Often described as a content management system and a collaboration suite, SharePoint could also be called an integrated knowledge-management platform. SharePoint includes features that help organizations:
Organizations can also use SharePoint as a foundation for creating customized solutions that meet their unique collaboration and communication needs. These customizations might include enabling or disabling out-of-the-box features; plugging in free software extensions created by Microsoft and third-party developers; and even developing new SharePoint extensions.
Here are just a few ways that SharePoint could help a nonprofit or library:
Let's look at what's new in SharePoint 2010:
With previous versions of SharePoint, users had to update their SharePoint sites using Internet Explorer or SharePoint-compatible applications such as Microsoft Office or SharePoint Designer. Now you have more options when it comes to web browsers: SharePoint 2010 supports recent versions of Internet Explorer, Firefox, and Safari.
Office Mobile includes SharePoint Workspace Mobile. This allows users to edit Office documents and then save them back to their organization's SharePoint site using a mobile device. Office Mobile comes bundled free with recent Windows phones.
SharePoint 2010 approaches social networking as a vehicle for organizational collaboration and productivity. For example, SharePoint lets anyone in the organization add tags and notes to any page on the intranet, turning the entire internal website into a collaboration tool. SharePoint 2010 also provides the ability to set up tools such as blogs, wikis, and RSS feeds.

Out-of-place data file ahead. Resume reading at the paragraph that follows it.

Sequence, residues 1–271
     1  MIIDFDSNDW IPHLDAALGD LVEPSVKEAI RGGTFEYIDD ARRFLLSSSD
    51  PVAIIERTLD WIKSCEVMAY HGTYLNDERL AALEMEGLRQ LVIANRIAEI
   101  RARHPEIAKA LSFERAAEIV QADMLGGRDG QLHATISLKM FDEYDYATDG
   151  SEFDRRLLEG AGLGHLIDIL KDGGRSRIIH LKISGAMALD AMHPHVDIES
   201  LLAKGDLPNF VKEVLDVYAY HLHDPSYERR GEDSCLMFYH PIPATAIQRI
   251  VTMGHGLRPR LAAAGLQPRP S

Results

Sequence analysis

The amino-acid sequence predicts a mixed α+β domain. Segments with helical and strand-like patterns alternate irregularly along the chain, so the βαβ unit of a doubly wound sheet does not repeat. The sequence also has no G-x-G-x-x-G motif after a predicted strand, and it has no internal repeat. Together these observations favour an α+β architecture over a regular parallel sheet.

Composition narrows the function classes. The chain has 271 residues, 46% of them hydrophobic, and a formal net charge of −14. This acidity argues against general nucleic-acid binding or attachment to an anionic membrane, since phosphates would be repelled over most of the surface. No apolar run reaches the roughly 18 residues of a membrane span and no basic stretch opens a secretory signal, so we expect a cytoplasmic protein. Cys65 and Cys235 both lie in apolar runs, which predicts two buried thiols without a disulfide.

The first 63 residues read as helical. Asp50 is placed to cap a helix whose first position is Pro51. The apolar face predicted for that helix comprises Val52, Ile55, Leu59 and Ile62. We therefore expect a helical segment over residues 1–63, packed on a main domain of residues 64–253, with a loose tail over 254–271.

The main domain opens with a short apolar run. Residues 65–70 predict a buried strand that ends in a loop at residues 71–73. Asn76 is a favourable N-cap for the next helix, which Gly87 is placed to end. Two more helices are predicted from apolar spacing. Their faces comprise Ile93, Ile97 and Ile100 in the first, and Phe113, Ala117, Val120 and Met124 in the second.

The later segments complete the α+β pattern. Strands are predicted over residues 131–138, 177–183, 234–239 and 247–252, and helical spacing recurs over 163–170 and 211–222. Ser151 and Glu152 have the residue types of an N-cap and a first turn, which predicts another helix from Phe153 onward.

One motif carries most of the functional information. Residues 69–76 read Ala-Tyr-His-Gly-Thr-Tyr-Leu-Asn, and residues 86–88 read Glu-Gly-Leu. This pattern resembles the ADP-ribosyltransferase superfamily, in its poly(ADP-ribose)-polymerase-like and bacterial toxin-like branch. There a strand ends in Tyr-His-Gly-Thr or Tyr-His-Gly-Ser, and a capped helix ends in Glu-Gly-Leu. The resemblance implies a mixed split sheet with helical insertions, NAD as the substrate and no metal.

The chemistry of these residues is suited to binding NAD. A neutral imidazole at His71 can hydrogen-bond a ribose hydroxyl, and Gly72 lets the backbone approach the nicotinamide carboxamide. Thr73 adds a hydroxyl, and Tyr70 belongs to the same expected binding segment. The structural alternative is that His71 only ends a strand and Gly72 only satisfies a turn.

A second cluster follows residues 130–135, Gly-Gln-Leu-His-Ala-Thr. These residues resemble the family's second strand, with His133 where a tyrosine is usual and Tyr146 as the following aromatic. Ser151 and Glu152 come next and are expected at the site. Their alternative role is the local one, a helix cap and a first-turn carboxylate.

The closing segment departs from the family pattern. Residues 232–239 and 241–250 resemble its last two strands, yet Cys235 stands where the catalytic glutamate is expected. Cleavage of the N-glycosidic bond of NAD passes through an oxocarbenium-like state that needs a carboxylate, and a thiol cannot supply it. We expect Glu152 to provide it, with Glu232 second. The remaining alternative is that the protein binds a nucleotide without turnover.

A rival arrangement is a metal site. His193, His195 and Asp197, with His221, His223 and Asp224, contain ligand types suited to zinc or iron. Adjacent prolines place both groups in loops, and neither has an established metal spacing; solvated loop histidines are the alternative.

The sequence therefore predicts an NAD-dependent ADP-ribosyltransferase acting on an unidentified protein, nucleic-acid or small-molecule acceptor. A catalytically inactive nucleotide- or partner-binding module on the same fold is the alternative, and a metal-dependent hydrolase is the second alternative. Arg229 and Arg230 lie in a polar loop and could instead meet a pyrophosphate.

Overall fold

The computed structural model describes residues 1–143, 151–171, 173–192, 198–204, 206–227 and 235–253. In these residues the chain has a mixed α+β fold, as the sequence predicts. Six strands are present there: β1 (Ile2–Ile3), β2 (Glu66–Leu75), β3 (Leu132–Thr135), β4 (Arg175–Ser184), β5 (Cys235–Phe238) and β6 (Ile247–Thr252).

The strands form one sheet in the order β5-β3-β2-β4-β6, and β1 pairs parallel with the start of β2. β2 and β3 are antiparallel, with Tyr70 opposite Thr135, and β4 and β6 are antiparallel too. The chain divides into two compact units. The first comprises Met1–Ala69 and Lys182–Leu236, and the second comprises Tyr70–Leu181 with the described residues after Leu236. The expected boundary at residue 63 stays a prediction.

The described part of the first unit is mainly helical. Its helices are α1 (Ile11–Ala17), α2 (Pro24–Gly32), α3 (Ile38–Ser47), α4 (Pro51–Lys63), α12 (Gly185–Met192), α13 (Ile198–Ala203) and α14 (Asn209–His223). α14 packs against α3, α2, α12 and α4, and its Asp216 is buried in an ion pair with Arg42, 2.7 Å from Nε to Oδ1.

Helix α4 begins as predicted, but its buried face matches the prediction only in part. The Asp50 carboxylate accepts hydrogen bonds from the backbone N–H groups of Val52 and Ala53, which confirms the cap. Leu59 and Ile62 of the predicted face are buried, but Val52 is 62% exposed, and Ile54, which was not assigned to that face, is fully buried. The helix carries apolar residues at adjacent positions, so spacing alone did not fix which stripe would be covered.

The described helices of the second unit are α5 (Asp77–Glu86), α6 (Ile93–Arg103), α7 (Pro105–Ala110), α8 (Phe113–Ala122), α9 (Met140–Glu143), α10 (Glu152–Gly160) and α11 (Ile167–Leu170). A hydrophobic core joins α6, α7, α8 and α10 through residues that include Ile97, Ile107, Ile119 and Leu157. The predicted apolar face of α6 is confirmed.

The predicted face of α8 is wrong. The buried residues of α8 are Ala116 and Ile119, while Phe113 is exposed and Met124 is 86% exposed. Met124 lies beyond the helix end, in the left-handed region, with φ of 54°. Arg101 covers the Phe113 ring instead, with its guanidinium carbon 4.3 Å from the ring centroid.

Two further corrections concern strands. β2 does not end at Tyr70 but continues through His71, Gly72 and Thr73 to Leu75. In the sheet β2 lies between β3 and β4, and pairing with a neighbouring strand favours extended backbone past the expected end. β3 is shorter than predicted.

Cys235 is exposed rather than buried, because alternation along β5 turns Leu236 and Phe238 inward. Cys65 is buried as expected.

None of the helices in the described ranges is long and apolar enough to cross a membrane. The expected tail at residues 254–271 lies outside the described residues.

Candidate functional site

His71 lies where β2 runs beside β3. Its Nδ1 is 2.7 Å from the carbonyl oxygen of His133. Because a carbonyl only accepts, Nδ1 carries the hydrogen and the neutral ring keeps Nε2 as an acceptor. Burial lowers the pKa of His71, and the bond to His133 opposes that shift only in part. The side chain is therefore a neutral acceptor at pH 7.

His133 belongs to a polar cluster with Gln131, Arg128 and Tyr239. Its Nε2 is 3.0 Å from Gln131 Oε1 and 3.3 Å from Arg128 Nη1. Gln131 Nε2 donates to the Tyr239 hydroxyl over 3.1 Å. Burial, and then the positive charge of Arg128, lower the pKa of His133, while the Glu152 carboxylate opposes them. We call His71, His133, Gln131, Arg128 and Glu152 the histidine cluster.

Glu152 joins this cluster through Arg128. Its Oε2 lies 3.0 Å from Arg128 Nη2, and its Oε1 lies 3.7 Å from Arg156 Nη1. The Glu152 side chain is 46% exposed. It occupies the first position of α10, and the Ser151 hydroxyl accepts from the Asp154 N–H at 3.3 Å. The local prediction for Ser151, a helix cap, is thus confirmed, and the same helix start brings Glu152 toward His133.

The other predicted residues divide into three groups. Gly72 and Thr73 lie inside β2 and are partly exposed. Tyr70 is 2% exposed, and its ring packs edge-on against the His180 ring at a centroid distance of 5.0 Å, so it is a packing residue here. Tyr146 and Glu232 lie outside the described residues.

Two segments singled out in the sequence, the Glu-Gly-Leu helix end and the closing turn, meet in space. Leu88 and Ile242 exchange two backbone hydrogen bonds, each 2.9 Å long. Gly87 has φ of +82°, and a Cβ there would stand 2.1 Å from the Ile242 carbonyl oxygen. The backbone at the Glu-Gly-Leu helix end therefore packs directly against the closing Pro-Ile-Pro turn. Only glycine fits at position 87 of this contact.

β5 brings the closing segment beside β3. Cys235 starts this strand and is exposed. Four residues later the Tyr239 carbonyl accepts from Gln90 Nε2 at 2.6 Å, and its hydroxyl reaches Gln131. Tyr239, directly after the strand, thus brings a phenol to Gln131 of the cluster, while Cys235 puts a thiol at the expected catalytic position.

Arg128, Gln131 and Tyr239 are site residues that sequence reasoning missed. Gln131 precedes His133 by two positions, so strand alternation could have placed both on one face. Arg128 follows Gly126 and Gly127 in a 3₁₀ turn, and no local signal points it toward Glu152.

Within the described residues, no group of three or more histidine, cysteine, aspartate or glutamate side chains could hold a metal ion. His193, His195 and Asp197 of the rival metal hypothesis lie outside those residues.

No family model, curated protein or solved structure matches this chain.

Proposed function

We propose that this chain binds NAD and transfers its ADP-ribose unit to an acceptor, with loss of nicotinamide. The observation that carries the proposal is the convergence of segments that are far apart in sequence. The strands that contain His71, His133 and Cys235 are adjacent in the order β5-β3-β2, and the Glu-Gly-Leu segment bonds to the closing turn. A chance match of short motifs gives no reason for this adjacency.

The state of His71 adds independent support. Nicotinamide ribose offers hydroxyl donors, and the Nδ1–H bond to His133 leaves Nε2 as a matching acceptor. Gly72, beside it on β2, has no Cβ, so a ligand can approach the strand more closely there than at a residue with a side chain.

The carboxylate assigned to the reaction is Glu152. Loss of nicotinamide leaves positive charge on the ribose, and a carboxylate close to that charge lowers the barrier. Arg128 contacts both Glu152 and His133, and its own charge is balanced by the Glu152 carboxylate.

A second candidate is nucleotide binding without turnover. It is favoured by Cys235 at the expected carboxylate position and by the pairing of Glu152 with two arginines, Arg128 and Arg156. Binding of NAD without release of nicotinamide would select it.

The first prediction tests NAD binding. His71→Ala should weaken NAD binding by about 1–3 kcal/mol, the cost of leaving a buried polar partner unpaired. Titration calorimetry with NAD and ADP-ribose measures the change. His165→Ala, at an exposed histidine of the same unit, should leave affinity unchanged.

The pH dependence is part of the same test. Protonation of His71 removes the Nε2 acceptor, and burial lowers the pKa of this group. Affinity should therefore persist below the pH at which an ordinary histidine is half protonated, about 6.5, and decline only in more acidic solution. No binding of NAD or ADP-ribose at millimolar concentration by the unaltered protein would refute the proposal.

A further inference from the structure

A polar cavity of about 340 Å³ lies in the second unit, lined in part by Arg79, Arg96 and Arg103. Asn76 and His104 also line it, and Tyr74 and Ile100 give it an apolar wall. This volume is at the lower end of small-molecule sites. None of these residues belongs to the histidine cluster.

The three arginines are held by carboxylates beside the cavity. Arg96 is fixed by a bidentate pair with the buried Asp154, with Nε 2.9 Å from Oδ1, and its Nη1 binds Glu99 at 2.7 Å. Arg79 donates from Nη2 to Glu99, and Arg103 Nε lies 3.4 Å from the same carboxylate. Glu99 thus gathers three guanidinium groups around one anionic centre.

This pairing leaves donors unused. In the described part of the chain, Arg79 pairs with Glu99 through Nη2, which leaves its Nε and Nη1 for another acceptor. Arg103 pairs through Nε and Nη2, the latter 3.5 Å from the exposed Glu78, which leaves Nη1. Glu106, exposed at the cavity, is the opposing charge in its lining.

New social networking features in SharePoint 2010 include an improved user profile page, a dynamic activity feed, a central picture library, and knowledge mining.
Findability is a term coined by information architect and usability expert Peter Morville to describe how easy it is for users to locate and access information resources on a website or other information-management system.
With SharePoint 2010, Microsoft has substantially improved findability, especially in metadata and enterprise search:
Now that you have a broad vision for what SharePoint can do in a nonprofit or library setting, it's time to understand the differences between each edition.
The main editions are the free, standard, and enterprise editions.
For more information, see TechSoup's Guide to SharePoint Server Editions and Licensing and Microsoft's detailed comparison of features.
Learn more about this and other SharePoint Server 2010 learning resources from this companion blog post.
Special thanks to Willow Cook for her contribution to this article.
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